“Zombie” Cells Created by Researchers in New Mexico

The cells are not actually alive, behave as if they were

  Researchers in New Mexico create "zombie" cells
Humans have long been fascinated by stories about the living dead, which is why it is perfectly understandable that the “zombie” cells created by a team of researchers in New Mexico are now making headlines.

Humans have long been fascinated by stories about the living dead, which is why it is perfectly understandable that the “zombie” cells created by a team of researchers in New Mexico are now making headlines.

The scientists who helped develop these so-called zombie cells explain that, although these are not in the least alive, they are well capable of behaving as if they were.

Furthermore, it seems that, in certain aspects, they even outperform their truly alive counterparts.

As the researchers explain, these zombie cells can withstand extreme temperatures and pressures far better than flesh can.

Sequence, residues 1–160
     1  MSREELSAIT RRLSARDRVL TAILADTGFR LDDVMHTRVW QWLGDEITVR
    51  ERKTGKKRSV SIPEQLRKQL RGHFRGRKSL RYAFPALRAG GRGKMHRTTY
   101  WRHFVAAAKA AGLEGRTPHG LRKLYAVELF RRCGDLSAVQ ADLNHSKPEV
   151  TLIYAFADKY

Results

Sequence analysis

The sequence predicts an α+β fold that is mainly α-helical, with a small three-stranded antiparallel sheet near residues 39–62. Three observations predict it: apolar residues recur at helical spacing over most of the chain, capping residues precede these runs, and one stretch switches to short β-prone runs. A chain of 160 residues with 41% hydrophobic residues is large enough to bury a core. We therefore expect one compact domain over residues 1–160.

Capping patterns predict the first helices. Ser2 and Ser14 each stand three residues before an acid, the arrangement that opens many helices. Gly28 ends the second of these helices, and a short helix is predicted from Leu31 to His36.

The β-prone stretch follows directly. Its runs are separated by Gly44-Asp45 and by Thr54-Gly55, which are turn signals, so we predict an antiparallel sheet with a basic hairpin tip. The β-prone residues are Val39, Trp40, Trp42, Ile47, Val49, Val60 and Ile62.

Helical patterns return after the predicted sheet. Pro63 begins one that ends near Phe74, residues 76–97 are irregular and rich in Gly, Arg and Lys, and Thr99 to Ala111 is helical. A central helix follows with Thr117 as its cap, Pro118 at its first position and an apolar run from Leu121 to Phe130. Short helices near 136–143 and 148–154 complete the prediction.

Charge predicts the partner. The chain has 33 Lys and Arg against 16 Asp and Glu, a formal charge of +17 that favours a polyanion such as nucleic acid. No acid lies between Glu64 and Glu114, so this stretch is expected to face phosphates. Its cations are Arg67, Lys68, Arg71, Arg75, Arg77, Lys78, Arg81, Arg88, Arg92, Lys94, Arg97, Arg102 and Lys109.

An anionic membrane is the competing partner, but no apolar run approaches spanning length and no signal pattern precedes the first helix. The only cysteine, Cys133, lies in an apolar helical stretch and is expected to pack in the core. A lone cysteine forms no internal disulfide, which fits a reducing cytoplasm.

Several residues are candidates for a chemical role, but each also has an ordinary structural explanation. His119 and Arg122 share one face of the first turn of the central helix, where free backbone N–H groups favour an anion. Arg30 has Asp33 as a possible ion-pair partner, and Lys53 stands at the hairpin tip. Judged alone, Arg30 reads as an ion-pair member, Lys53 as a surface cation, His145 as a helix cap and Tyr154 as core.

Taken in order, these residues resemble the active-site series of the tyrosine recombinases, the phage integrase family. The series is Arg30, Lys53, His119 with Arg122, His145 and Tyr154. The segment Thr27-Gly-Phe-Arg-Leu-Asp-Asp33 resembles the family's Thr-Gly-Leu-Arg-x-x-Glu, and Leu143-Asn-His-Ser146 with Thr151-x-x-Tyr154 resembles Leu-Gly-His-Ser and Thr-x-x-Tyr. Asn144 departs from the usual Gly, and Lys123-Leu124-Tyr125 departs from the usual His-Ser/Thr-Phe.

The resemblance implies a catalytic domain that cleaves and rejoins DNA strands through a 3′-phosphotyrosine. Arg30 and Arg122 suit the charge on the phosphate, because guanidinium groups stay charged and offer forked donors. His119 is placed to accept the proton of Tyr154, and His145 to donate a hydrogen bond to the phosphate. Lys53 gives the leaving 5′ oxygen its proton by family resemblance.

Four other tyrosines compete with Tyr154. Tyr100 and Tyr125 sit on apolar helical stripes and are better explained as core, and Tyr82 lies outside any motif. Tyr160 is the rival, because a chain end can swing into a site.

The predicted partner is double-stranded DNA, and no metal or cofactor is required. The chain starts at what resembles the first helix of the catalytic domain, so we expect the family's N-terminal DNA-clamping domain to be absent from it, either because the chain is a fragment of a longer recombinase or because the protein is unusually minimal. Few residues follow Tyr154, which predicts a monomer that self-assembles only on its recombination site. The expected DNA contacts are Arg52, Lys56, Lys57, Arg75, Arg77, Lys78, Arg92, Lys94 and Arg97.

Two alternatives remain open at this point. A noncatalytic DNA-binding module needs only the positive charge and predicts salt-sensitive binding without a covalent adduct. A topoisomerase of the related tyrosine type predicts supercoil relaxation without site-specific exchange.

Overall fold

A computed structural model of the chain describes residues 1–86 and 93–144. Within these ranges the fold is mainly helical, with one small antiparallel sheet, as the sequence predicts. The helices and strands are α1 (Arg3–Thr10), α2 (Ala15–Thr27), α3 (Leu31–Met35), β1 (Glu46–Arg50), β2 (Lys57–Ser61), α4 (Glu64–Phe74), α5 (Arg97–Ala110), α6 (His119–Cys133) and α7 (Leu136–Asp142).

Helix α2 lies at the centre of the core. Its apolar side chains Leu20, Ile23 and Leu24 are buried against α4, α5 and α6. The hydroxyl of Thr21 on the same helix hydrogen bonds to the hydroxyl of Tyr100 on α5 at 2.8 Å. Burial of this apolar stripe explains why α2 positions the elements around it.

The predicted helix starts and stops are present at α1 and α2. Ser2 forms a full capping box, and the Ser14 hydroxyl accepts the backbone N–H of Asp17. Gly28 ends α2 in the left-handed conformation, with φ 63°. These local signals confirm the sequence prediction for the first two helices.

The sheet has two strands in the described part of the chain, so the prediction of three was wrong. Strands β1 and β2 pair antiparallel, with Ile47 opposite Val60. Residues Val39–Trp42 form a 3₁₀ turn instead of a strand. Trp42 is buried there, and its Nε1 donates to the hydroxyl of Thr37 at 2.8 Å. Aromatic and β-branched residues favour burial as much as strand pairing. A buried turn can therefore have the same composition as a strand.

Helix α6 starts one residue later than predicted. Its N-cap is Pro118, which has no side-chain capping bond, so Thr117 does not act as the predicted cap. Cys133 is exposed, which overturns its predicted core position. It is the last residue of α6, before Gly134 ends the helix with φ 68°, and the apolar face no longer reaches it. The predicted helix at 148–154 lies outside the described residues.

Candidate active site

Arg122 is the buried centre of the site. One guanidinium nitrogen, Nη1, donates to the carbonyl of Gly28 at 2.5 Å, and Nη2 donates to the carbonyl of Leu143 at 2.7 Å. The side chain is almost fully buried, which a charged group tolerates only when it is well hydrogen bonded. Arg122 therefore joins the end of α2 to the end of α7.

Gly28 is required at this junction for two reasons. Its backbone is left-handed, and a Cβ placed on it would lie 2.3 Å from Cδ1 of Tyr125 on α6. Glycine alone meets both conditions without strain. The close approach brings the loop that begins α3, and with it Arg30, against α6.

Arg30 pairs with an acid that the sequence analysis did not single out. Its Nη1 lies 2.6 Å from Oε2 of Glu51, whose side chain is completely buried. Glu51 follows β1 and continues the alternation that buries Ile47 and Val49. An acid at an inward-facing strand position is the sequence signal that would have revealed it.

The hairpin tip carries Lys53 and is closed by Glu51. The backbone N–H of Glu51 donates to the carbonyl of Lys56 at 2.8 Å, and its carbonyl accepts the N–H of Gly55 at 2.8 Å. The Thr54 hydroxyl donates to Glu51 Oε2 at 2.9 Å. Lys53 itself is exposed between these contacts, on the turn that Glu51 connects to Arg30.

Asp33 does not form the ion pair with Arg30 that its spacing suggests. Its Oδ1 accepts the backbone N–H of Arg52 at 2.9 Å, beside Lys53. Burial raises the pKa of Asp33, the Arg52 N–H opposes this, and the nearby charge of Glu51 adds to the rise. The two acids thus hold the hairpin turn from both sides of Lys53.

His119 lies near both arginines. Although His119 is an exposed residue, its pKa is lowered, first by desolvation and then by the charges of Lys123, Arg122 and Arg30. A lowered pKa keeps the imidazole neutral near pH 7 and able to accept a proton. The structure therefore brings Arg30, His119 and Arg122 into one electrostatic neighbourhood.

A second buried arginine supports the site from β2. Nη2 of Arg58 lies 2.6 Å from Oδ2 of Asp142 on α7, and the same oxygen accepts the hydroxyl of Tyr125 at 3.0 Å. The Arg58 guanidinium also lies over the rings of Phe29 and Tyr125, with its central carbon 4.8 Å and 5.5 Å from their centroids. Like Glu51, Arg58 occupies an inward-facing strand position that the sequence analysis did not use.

Huffington Post informs us that, all things considered, these silica cells are near-perfect replicas of mammalian ones.

In order to engineer them, the researchers first deposited silica onto the tiny structures that stand at the core of living cells. Then, they proceeded to heating these cells, causing them to lose the proteins they contained.

This translated into the cells keeping their shape despite their losing all of their living components.

Commenting on this achievement, Dr. Jeffrey Brinker, a professor currently working with the University of New Mexico, made a case of how these zombie cells are no more and no less than a “robust, three-dimensionally stable form that resists shrinkage even upon heating to over 500 degrees Centigrade [932 degrees Fahrenheit].”

On the other hand, Dr. Bryan Kaehr, a materials scientist currently working with the Sandia National Laboratories in Albuquerque, wished to emphasize that, “It's very challenging for researchers to build structures at the nanometer scale. We can make particles and wires, but 3-D arbitrary structures haven't been achieved yet.”

“With this technique, we don't need to build those structures: nature does it for us,” Dr. Bryan Kaehr went on to add.

Apparently, such zombie cells could be used to piece together machines not from bits and pieces of metal, but from atoms and molecules.

Industries ranging from the manufacture of sensors to the production of catalysts and fuel cells have been listed as potential fields of application.

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